- Unaddressed hearing loss can cause brain atrophy where unused parts of the brain start wasting away.
- Hearing loss increases the risk of dementia.
- Hearing plays an important role in balance and even a mild hearing loss may increase the risk of falls in the elderly.
Your loved one’s doctor may recommend one of the following devices to help with hearing loss:
- Hearing aids
- Cochlear implant
- Assistive listening devices
- Lessons in sign language or lip reading for severe hearing loss
Hearing aids are amplifying devices that can help improve hearing, particularly in people with sensorineural hearing loss. Hearing aids can be adjusted to match individual hearing loss symptoms. They can, for example, allow you to hear high-frequency sounds without affecting other frequencies.
Although hearing aids can be very effective, they are not a suitable option for:
- People with severe hearing loss
- Older adults who are not able to manage changing batteries or making necessary adjustments
- People with dementia whose auditory cortex may not adjust to hearing aids due to the dementia process affecting their brains.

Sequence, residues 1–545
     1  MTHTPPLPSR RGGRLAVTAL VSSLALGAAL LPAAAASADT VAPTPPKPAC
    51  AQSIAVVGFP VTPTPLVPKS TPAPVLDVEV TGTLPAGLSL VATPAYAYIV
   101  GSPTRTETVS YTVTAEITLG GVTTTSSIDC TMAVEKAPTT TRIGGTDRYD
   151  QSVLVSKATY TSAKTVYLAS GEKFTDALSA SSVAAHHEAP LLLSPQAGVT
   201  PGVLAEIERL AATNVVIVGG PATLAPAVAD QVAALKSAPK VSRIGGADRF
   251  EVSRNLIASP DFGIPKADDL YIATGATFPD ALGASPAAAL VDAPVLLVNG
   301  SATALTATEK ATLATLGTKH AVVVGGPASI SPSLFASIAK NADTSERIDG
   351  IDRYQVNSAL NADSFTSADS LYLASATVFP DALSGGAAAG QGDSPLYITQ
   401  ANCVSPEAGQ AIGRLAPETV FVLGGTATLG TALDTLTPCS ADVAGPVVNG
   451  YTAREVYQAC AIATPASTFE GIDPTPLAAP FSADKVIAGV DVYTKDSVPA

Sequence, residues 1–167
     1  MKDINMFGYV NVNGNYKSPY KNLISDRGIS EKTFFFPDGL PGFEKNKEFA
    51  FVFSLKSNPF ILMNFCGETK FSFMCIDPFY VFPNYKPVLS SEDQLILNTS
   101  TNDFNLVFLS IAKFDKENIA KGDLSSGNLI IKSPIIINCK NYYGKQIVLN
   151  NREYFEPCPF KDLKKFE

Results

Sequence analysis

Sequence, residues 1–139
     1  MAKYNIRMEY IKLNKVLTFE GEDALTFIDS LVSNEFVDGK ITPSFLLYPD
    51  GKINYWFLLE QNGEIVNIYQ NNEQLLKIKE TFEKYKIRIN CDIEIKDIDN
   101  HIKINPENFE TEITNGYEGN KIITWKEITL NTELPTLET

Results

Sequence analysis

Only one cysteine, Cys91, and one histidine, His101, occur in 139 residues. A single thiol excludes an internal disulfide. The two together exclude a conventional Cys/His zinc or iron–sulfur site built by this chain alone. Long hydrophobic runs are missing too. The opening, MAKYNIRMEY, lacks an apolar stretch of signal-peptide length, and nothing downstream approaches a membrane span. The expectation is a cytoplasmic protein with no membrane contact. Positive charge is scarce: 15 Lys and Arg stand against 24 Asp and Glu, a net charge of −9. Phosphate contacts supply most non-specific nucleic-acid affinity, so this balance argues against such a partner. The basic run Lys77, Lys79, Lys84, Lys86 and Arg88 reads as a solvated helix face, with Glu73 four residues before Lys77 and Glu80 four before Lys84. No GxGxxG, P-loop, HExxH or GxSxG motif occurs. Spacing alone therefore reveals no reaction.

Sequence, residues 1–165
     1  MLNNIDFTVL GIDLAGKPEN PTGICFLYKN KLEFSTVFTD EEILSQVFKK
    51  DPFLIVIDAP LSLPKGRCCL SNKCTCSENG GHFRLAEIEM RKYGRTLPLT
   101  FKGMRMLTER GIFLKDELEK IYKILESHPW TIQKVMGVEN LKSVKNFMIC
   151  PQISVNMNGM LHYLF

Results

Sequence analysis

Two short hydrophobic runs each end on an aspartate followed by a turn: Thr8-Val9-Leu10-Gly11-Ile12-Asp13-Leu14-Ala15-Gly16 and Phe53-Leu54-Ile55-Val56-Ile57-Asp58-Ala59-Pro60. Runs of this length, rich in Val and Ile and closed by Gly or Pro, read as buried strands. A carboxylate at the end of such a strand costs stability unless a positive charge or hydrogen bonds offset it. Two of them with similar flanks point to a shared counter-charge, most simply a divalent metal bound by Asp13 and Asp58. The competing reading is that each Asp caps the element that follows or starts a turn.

A cochlear implant is a small electronic device that is surgically implanted in the ear. Cochlear implants can amplify sounds, but they don’t restore normal hearing. This option is only suitable for people with severe hearing loss who are not able to benefit from hearing aids.
Assistive listening devices
Various amplification and communication devices can assist the elderly with hearing loss, such as:
- Assistive devices for phones (alerting apps, video subtitling, speech-to-text translators, tools for learning sign language)
- Assistive devices for TVs (wireless hearing aid accessories, loop systems, vocal clarity devices)
- Pocketalkers, a simple hearing amplification device that can also be used by people who have dementia.